In India, we’re bananas about bananas. No part of it is wasted. We eat ripe and raw bananas, the stem and the flower. The leaves are used as throwaway plates and the plant is almost indispensable in religious rituals.
Now, add to these the Banana Biocell, an innovation to generate electricity from banana stems, which is lighting up homes in Naugachiya block of Bhagalpur district in Bihar.
The innovation is credited to Gopal Jee, a 17-year-old youth from Dhruvganj village in Naugachiya. The biocell can generate up to 12 volts of electricity, enough to light two LED bulbs, from one banana stem.
“I discovered energy in the citric acid found in the banana stem. I bought two electrodes — one zinc and one copper — placed them in a cell and connected them to two lengths of banana stems measuring one foot each” — Gopal.
It all started with scientific curiosity. Gopal had a question: Why was it impossible to remove the stain left on clothes by the sticky substance in the banana stem? His father, Prem Ranjan, a banana planter and trader, told him it could be because the stem contained some sort of natural acid.
“That got me thinking. I started researching on the plant and struck upon the idea of producing alternate energy from it,” says Gopal.
For the next two years, he read books from his school library and talked to his science teachers to understand the properties of the acid in the banana stem. Then, he worked out a way to produce green energy from it. The result was the Banana Biocell.
“I discovered energy in the citric acid found in the banana stem. I bought two electrodes — one zinc and one copper — placed them in a cell and connected them to two lengths of banana stems measuring one foot each,” says Gopal.
This produced three volts of electricity, enough to light one LED bulb for three hours. The cylindrical stems resembled cell batteries. “To generate 12 volts, I added more lengths of banana stems,” he says.
The concept is simple, similar to that of an inverter — the bio energy in the banana stem is converted into electrical energy by using electrodes.
Gopal says the biocell works as long as there’s natural acid in the banana stem. He also calls his innovation the ‘Gel Cell’ as it does not use liquid (acid) in its pure form.
In a region starved for an efficient and reliable source of electricity — villagers claim they have 12-14 hour power cuts every day — Gopal’s technology is a boon. Especially because it’s very cheap to produce. The two electrodes come for less than Rs 200 and all you need is five metres of wire (approximate price Rs 25) and banana stems.
In a region starved for an efficient and reliable source of electricity — there are 12-14 hour power cuts every day — Gopal’s innovation is a boon. Especially because it’s very cheap to produce
Naugachiya is abound with banana plantations. According to the Horticulture Department data, 37,000 acres in the region is under banana cultivation. Hundreds of tonnes of felled banana trees are disposed of as waste every year here.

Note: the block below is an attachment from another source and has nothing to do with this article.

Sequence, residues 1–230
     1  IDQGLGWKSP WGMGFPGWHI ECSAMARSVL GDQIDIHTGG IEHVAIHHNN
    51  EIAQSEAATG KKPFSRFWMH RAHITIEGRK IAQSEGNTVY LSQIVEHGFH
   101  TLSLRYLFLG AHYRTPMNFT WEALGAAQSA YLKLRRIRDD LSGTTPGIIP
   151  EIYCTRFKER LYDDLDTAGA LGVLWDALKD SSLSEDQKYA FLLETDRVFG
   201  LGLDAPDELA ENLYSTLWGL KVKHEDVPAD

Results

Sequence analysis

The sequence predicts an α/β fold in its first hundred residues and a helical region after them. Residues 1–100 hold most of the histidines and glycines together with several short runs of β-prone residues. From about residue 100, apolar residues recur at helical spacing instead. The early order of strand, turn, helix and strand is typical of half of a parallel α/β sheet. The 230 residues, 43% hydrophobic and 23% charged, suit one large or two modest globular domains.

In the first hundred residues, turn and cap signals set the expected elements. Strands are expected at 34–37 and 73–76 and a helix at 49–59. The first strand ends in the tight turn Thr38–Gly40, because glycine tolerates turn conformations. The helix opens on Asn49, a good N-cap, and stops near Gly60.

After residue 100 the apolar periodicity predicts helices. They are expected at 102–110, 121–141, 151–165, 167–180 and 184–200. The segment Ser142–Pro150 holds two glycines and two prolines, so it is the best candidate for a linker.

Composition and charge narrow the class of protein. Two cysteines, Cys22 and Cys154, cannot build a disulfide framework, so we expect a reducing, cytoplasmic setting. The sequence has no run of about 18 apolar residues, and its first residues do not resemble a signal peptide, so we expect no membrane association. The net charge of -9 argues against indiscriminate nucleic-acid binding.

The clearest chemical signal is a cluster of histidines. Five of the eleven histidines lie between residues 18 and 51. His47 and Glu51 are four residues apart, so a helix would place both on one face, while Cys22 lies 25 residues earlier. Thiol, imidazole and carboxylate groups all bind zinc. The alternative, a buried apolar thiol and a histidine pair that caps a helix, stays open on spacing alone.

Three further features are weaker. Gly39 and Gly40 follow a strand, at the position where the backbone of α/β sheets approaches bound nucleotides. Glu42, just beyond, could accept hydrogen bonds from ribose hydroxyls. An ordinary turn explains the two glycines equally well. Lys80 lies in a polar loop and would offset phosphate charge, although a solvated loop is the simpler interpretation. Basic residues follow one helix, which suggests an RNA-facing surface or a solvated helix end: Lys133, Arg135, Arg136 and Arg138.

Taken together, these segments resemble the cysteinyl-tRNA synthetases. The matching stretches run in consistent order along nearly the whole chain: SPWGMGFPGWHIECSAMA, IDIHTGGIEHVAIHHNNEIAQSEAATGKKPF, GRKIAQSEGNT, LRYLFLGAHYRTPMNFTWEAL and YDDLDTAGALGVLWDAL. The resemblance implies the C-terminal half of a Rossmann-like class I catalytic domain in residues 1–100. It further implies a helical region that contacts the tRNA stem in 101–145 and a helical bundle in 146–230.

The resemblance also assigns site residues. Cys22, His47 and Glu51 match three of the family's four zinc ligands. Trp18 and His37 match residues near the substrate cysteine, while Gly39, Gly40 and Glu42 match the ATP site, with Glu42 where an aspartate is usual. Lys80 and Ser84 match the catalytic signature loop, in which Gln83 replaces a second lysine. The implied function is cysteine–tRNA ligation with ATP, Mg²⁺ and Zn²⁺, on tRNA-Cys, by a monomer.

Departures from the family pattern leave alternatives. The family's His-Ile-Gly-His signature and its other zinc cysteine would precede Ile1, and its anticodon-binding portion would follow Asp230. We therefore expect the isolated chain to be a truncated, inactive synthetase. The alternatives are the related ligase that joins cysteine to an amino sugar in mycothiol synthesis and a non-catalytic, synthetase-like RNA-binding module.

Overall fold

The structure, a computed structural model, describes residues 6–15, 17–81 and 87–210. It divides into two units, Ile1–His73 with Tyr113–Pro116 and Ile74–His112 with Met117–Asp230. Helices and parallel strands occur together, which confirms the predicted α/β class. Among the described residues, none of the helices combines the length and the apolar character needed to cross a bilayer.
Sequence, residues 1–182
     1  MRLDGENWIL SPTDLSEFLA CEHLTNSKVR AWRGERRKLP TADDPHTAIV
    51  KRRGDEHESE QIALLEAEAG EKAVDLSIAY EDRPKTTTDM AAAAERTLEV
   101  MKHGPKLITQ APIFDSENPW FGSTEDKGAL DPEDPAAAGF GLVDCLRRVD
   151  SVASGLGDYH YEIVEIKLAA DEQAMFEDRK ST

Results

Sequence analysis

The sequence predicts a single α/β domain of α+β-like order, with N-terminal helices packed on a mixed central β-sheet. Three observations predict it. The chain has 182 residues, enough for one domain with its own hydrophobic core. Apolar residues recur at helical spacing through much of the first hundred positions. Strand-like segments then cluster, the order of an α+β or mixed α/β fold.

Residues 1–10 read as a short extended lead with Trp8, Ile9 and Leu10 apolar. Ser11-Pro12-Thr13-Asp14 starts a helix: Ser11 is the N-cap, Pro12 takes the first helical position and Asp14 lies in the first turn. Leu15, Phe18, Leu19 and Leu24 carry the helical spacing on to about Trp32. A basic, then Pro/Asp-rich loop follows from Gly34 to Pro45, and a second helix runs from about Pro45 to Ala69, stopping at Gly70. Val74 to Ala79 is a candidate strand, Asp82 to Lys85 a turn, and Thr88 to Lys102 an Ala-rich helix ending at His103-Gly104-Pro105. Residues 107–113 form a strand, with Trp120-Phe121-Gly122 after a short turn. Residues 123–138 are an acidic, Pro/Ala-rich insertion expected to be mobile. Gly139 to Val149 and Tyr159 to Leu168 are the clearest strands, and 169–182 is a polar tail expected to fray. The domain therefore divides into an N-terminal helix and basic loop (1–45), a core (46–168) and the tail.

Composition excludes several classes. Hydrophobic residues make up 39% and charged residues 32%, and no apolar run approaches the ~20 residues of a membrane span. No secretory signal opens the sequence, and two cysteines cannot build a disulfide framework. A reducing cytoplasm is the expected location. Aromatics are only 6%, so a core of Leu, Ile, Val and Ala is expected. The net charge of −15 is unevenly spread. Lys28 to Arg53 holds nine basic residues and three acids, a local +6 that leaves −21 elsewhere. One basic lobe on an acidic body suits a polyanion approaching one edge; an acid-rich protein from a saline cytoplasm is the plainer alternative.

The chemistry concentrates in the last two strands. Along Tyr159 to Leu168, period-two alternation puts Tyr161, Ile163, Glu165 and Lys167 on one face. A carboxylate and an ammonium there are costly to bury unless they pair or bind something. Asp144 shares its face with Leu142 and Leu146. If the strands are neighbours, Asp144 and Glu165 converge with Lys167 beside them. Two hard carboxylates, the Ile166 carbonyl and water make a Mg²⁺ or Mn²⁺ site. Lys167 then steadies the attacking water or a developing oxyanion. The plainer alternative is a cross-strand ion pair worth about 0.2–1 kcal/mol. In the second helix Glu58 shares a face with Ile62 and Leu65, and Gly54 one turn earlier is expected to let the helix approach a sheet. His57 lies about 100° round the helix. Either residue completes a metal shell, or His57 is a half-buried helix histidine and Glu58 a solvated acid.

Gopal is teaching the people of his village how to make the biocell. And he does this while studying to crack the IIT-JEE in Ranchi. He hasn’t thought about commercialising or scaling up the idea yet.
Abhinandan, Gopal’s friend from his Plus II days, said, “The cell is a boon for the poor students who don’t have electricity in their house. Many students take Gopal’s help to get a biocell so they can study after dark. I too use it to study during power cuts.”
The people of Naugachiya are so grateful to the young boy that they call him ‘Gopalji’ out of respect. That, to Gopal, is success
The innovation has transformed the lives of the people of Naugachiya. Almost all homes in the block have dumped the earthen oil lamp for LED bulbs.
The people of Naugachiya are so grateful to the young boy that they call him ‘Gopalji’ out of respect. That, to Gopal, is success.
His father is immensely proud of his son’s achievement and his sister Neelu, a final year BA student, says she is both impressed and inspired by her brother.
Gopal’s innovation won him the Inspire Award 2016 at the state level.
Subscribe to FactorDaily
Our daily brief keeps thousands of readers ahead of the curve. More signals, less noise.
Thank you for reading FactorDaily
We hope this story worked for you.
Our journalism is produced by some of the best brains in the story-telling business who believe that good stories have only one master: you, the reader. Bringing these stories to you, just so you know, costs us a pretty dime even as the context of disruption remains unchanged in the journalism business the world over.
If you like what you read here, consider supporting the FactorDaily journey. We don’t have a paywall because we believe access to good journalism must be free to all, especially when it is in public interest and informs citizens with independence and accuracy. Such stories should not be restricted to a few who can pay. You are free to support us with any amount you like.
Please note that 18% of your contribution will be paid to government as GST, per Indian accounting rules.
Photographs: 101Reporters Photos Updated at 8.42pm on May 22 to change the word 'invention' referring to the banana biocell to 'innovation'. The ‘Tech Meets Bharat’ series brings to you stories on how technology is impacting and changing lives in hinterland India. Ganesh Prasad is an Aurangabad, Bihar-based journalist and Ajay Kumar is a Bhagalpur, Bihar-based journalist. Both are members of 101Reporters.com, a pan-India network of grassroots reporters.